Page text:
We came back from the beach in the early evening. Like any Thai event, the first thing that we were asked when we arrived was whether we had eaten yet. The truth is that we had eaten plenty on the beach all afternoon. But, these were only snacks and we still had some room for a proper meal with rice. A few minutes after we had finished eating, the chanting started in the main assembly hall and we went in to take some pictures. This went on like this for about an hour or so. There weren’t that many people here on the first day. Most people were coming down from Bangkok for the main event on the second day. Not everyone was wearing the black mourning clothes but rather normal clothes with muted colours.
After the chanting had finished, everyone filed outside for the fireworks. First a display was set alight which showed the name of the deceased. Then little fires beneath floating lanterns were lit so that they would float up and away into the sky. Then finally a fireworks show. Nothing too spectacular but a number of the local people had come to watch. That is the thing about funerals. There is always plenty of free entertainment, so it attracts crowds of people. It doesn’t really matter if they knew the family or not. There was already quite a few mobile food stalls and people were sitting down having a meal.
At funerals, the main entertainment is usually either a khon masked drama or a likay. At this one, we were entertained with a likay, which is a bit like an outdoor variety show. It has short sketches, singing and some banter between actors and audience. I have shown you pictures of this before. The people wear a lot of make-up and are dressed in these amazingly colourful costumes that sparkle. For events like funerals it doesn’t really matter if no-one comes to watch or not as it is really put on for the benefit of the deceased. But, on this night, a lot of local people came to watch the free show.
The majority of the mourners arrived the following morning from about 11 a.m. onwards. At about this time, there was another session of chanting and then the monks were given food to eat. Monks can never ask for, or prepare their own food. They cannot even store food for longer thana day. It always has to be offered to them by lay people. Once this was done, there was nothing for us to do again until the cremation ceremony in the late afternoon. So, we had some more free time. We decided to go back into Cha-am to do more sightseeing. I will tell you about this later.
By about 4 p.m., the main assembly hall was packed with people. There were even rows of seats outside. The ceremony started with a sermon from a monk. Once he had finished about 80 or so monks entered the hall. I had never seen so many. The person who had died must have either been well respected or very rich. The more monks that come to chant the more merit that is made for the deceased. But, it also costs a lot more. When they leave, each monk is given a white envelope with some money inside. They are also presented with some robes. Do you see the tape in the above photograph? I have never seen like this before. It was all rolled up in a contraption and then unrolled from one end to the other. Women are not usually allowed to present anything to monks directly. The monk would normally first put down a small piece of cloth for the woman to put the offering on. However, in this case, the robes were put on this tape. I think it is acting like the sai sin string where it becomes a collective offerring.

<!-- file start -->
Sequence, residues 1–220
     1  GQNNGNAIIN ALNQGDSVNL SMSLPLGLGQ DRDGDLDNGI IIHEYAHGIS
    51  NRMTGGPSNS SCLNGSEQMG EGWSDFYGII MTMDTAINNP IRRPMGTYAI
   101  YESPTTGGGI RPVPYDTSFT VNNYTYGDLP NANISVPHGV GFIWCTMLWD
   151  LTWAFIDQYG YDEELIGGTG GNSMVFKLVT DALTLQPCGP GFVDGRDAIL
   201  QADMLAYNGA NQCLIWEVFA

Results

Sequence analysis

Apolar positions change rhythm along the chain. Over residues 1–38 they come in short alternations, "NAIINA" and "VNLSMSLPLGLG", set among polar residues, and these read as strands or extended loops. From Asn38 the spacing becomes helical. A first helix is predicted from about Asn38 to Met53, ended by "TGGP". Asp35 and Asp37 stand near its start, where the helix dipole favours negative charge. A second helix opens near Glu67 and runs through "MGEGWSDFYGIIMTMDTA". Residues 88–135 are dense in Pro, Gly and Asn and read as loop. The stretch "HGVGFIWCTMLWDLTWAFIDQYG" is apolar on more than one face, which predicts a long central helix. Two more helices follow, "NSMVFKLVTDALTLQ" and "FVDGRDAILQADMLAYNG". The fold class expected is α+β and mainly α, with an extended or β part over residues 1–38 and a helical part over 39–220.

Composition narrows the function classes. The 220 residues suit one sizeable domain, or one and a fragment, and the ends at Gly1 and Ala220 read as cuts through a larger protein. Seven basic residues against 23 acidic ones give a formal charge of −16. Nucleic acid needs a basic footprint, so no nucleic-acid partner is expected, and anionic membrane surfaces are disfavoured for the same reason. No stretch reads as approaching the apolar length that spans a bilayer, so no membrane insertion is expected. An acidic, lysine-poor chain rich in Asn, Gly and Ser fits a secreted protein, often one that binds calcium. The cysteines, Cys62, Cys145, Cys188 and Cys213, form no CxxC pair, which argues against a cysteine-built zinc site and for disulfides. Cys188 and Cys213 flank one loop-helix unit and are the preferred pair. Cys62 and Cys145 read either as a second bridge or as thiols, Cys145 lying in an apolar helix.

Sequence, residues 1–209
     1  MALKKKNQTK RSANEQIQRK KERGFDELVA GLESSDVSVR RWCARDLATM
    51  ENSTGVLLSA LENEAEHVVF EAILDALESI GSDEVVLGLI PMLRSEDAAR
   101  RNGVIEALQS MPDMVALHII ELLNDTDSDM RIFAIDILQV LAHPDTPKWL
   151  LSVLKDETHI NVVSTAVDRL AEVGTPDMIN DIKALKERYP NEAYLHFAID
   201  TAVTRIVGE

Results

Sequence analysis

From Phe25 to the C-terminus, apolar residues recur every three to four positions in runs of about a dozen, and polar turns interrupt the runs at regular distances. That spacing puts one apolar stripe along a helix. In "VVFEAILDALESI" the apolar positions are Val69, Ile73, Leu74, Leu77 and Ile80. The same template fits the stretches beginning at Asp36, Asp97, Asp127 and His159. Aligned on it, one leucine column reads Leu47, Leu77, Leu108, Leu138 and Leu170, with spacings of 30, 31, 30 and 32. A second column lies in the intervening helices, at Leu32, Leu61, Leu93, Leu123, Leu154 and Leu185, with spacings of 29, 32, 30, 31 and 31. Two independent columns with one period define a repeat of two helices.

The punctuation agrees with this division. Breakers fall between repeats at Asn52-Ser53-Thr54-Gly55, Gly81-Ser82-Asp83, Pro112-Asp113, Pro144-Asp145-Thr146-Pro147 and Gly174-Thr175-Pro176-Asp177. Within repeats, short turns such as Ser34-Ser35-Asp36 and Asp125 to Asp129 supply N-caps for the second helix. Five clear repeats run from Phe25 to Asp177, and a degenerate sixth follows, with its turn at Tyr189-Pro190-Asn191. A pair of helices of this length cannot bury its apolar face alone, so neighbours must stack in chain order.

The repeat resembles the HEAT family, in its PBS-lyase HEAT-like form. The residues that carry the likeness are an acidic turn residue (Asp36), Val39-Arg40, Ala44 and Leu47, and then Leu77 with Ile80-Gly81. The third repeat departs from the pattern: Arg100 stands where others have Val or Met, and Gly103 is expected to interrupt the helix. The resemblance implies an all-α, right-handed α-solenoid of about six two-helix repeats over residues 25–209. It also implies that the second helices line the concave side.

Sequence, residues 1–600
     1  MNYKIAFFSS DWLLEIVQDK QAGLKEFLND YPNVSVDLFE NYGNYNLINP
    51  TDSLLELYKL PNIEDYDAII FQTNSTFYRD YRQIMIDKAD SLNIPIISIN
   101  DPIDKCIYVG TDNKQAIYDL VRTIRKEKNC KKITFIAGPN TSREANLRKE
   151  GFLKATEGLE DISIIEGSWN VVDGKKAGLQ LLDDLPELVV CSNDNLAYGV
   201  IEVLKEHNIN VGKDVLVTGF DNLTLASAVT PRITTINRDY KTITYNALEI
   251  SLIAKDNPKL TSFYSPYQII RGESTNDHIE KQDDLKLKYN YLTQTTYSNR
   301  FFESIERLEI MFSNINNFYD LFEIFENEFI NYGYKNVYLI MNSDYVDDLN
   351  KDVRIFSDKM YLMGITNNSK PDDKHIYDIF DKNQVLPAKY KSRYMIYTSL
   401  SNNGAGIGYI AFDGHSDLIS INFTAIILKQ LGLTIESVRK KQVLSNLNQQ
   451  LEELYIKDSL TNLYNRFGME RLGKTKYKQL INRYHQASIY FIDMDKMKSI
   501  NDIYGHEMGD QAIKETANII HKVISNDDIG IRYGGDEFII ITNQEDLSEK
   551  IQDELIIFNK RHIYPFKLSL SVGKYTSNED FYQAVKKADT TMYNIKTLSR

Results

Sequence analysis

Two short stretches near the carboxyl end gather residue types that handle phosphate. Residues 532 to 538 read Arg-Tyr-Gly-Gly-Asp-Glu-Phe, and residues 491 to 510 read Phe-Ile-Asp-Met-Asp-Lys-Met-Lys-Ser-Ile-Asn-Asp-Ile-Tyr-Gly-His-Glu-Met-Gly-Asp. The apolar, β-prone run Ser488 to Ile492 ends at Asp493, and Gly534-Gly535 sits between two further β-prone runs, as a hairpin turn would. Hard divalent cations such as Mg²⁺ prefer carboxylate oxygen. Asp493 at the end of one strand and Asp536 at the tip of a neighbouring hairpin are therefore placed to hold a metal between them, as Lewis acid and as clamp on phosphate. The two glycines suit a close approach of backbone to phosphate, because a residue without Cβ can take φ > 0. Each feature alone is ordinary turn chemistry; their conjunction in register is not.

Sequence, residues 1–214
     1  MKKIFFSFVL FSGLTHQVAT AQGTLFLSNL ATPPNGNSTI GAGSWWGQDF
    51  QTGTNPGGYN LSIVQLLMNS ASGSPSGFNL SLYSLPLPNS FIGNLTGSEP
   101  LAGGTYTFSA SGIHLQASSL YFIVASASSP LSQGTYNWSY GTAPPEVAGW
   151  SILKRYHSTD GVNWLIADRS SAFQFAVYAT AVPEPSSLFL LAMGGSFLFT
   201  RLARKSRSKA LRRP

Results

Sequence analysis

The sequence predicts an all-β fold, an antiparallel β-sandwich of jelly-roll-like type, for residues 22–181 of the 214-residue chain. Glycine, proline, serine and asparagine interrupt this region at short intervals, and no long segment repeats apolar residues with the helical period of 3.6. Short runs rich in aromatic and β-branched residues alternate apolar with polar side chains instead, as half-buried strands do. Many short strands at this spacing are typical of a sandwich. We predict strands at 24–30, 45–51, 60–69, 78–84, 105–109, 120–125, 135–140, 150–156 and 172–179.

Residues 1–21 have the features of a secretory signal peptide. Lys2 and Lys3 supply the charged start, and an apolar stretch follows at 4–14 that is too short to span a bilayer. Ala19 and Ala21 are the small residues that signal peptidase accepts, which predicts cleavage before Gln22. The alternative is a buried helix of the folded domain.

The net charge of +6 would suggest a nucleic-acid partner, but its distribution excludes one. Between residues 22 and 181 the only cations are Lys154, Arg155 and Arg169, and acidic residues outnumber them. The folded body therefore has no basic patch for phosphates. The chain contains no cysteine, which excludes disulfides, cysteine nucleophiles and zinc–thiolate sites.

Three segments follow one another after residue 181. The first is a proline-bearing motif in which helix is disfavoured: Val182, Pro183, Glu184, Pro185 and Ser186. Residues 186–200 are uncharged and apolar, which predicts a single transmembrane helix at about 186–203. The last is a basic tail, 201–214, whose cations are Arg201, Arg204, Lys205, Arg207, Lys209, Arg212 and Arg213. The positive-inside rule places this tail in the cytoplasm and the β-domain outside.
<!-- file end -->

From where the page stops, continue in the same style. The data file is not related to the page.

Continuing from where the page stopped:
The next part of the ceremony was also very interesting. What happened was that family members and important dignitaries took turns in placing some robes on a pedestal in front of the coffin. A monk would then come up to receive these robes. I thought it was a way for the deceased person to make merit by giving robes to the monks. But, someone later told me that in the old days it was common practice for the monks to take the rags from dead bodies to make a robe. Although they no longer need to do this, it has now become an important part of the funeral ceremony.
When I didn’t realize at first was that the crematorium at this temple was actually attached to the main hall. In fact it is directly behind the display on the stage that you can see in my earlier photos. Also unknown to me, by this time the coffin had already been taken from the table behind the floral display and placed inside the oven. As soon as the robe giving part of the ceremony had finished, the senior dignitary came up on to the stage and lit a long flower made from wood shavings. He then put this into the oven. Then everyone else rushed to the stage where they were given a small flower also made from wood shavings, called dok mai jan, which they threw into the oven. I have never seen like this before. At other funerals I have been to, the dok mai jan is symbolically placed under the coffin as you file past. It is like you are adding fuel to the fire. But, in this case the fire (and probably the body) was already alight. As the people went down the steps on the other side they were given a small book which commemorated the life of the deceased. At other funerals you might be given a souvenir. At the same time as this was happening, three very loud rockets were shot up into the sky to signal the start of the cremation.
That was basically it. We returned home shortly afterwards. On the way back home, we stopped on the highway just before Phetchaburi in order to buy some of the famous Thai desserts for this area. The most famous of course is khanom mor gaeng which I told you about before. The traffic going back was pretty bad and it took nearly four hours to reach Samut Prakan. Two days later I set off on my trip to Chiang Mai in the north. That is where I am now writing this blog. I will be writing about this shortly.
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